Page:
[PATCH 1/2] Staging: android: binder: Add support for 32bit binder calls in a 64bit kernel

Arve Hjønnevåg arve at android.com
Wed Dec 5 23:44:24 UTC 2012

On Wed, Dec 5, 2012 at 6:54 AM, Serban Constantinescu
<serban.constantinescu at arm.com> wrote:
> On 05/12/12 00:26, Arve Hjønnevåg wrote:
>> On Tue, Dec 4, 2012 at 2:44 AM, Serban Constantinescu
>> <serban.constantinescu at arm.com> wrote:
>>> Android's IPC, Binder, does not support calls from a 32-bit userspace
>>> in a 64 bit kernel. This patch adds support for syscalls coming from a
>>> 32-bit userspace in a 64-bit kernel.
>> It also seems to remove support for 64-bit user-space in a 64 bit
>> kernel at the same time. While we have not started fixing this problem
>> yet, it is not clear that we want to go in this direction. If we want
>> to have any 64 bit user-space processes, the 32-bit processes need to
>> use 64 bit pointers when talking to other processes. It may make more
>> sense to change the user-space binder library to probe for needed
>> pointer size (either by adding an ioctl to the driver to return the
>> pointer size in an ioctl with a fixed size pointer or by calling
>> BINDER_VERSION with the two pointer sizes you support (assuming long
>> and void * are the same size)).
> Thanks for the feedback! As described in my previous e-mail, since the
> binder uses 2 layer ioctl we can't know from the top of the ioctl
> handler what is the size of the incoming package. Therefore we can't
> have the same ioctl call servicing both 32bit requests and 64bit
> requests in a 64bit kernel. I consider that the way forward would be to
> support the existing 32bit user space in a 64bit kernel (allowing
> backwards compatibility and what this patch implements) and to extend
> the ioctl space with the needed functionality when and if we will get to
> 64bit Android. Please correct me if I am wrong.

I don't think there is a need to support the current 32 bit user space
code on a 64 bit kernel. Applications do not use the binder driver
directly. The code that packs the data to be sent to another process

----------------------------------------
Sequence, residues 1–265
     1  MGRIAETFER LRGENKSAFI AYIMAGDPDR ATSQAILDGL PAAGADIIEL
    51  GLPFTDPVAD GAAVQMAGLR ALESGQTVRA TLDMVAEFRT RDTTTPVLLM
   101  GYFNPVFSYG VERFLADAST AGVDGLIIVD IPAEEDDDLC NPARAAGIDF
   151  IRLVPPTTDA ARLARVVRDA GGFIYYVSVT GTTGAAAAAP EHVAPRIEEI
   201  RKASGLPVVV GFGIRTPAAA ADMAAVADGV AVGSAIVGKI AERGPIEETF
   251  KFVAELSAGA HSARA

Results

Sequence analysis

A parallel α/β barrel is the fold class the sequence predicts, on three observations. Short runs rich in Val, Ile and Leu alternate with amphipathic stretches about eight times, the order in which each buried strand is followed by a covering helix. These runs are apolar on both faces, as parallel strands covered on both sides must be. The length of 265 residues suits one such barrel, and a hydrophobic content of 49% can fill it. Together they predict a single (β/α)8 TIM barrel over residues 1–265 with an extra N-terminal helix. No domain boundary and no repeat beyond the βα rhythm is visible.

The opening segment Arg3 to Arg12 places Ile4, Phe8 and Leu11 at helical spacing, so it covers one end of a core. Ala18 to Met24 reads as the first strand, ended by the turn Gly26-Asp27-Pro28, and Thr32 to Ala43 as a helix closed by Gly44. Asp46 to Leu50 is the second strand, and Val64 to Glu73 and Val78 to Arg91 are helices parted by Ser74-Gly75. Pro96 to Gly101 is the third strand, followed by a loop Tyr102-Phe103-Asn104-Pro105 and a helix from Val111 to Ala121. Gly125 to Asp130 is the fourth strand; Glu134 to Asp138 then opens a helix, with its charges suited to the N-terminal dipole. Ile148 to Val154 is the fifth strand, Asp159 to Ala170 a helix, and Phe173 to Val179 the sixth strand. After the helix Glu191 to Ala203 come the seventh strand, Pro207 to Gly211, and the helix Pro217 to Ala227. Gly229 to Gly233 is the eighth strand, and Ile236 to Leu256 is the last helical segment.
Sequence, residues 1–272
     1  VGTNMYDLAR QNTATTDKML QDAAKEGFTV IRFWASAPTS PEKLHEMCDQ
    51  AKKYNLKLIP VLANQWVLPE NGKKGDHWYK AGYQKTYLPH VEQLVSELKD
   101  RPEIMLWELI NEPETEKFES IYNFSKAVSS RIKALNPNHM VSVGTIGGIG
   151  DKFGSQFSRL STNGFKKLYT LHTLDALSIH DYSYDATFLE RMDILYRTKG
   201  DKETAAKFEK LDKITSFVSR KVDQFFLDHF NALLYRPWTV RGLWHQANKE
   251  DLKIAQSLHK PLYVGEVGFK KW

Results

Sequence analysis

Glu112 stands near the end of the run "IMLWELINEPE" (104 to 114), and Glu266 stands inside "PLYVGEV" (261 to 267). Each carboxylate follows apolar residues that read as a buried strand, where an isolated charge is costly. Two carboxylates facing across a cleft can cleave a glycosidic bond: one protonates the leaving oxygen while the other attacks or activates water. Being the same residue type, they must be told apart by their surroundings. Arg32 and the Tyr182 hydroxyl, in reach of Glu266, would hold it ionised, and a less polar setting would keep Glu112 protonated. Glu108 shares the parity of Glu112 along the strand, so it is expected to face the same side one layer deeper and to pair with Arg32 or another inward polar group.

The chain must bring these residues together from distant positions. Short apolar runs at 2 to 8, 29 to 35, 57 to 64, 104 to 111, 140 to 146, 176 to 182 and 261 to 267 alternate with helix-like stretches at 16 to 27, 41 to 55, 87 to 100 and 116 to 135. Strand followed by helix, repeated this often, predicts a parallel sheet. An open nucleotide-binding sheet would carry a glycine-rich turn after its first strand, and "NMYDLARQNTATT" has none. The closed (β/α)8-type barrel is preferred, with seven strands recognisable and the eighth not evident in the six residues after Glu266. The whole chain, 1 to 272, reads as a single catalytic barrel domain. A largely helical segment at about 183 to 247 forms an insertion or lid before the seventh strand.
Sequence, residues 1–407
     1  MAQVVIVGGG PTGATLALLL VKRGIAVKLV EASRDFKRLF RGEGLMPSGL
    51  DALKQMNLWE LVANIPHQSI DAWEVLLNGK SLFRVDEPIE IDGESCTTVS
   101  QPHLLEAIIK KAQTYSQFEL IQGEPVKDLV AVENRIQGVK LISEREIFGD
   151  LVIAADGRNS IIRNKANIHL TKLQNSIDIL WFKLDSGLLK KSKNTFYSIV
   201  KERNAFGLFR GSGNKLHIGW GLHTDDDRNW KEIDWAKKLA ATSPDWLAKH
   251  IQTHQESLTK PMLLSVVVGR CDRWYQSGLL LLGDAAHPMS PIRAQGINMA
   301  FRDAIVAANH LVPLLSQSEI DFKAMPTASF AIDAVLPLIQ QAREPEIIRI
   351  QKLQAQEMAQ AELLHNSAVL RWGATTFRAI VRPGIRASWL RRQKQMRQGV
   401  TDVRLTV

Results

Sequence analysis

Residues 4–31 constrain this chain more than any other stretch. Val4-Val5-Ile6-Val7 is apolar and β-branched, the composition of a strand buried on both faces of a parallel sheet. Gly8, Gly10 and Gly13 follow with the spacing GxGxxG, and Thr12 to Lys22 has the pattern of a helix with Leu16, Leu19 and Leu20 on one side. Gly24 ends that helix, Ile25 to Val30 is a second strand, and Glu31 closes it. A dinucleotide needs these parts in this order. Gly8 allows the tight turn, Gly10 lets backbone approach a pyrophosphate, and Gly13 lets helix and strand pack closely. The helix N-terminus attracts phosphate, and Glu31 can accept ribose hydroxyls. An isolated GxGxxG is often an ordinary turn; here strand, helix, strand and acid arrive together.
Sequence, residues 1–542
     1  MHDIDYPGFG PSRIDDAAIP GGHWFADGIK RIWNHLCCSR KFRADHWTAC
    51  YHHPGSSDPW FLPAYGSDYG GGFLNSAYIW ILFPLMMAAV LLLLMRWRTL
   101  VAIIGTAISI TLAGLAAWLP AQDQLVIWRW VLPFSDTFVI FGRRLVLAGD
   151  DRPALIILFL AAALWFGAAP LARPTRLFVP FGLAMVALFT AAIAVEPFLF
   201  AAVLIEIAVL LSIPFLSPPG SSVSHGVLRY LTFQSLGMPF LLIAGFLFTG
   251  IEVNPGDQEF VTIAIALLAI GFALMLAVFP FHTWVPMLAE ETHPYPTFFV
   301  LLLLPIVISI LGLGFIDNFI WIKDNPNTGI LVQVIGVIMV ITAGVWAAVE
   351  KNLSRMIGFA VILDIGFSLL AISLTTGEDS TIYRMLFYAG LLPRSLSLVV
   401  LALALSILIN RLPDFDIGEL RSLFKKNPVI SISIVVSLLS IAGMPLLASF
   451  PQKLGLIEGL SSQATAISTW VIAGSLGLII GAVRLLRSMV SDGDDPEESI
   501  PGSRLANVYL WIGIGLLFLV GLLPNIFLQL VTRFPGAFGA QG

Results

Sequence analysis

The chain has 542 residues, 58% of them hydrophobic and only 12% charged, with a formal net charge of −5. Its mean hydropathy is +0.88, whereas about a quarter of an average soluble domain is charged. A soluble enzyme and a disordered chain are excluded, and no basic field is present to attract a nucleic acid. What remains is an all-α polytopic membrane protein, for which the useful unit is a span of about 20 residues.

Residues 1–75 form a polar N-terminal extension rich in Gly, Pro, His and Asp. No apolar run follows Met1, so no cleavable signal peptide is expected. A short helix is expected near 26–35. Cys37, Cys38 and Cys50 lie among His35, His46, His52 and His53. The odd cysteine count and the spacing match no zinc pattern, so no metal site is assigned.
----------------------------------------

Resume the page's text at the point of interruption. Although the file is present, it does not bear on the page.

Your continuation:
and calls the binder ioctls is in a library. If we update the
user-space binder library, then it can use 64 bit compatible data in
both 64 bit and 32 bit processes.

If you disagree with this and think supporting the existing binder
library in a 32 bit user-space process on a 64 bit system is
worthwhile, then this needs to be done in a way that does not break 64
bit processes or updated 32 bit processes' ability to talk to 64 bit

>>> Most of the changes were applied to types that change sizes between
>>> 32 and 64 bit world. This will also fix some of the issues around
>>> checking the size of an incoming transaction package in the ioctl
>>> switch. Since  the transaction's ioctl number are generated using
>>> _IOC(dir,type,nr,size), a different userspace size will generate
>>> a different ioctl number, thus switching by _IOC_NR is a better
>>> solution.
>> I don't understand this change. If you use _IOC_NR you lose the
>> protection that the _IOC macros added. If the size does not match you
>> still dereference the pointer using the size that the kernel has
>> (expect where you added a new size check to replace the one you
>> removed).
> Take the following snippet as an example:
>> static long binder_ioctl(struct file *filp, unsigned int cmd, unsigned
>> long arg)
>> unsigned int size = _IOC_SIZE(cmd);
>> switch (cmd) {
>>       case BINDER_WRITE_READ: {
>>           struct binder_write_read bwr;
>>           if (size != sizeof(struct binder_write_read)) {
>>               ret = -EINVAL;
>>               goto err;
>>           }
> since BINDER_WRITE_READ is defined as:
>> #define BINDER_WRITE_READ       _IOWR('b', 1, struct binder_write_read)
> the size checking done here is not of any use since a different size
> would fall in default.

I thought you added a size check, but it looks like you just activated
some currently unreachable code (which probably predates moving to the
_IOC macros). There are many more case statements that don't have
these redundant checks however. They have no size check after your

> Therefore I thought a nicer version would be to
> switch by the _IOC_NR() - in this case 1, but with the protection
> offered by dir - 'b'. Once again correct me if I am wrong.

How does that get you the dir and 'b' protection? You masked off
everything that is not in the NR bits. Why is is nicer? You did not
add any code to handle multiple sizes in the same case statements.

Arve Hjønnevåg

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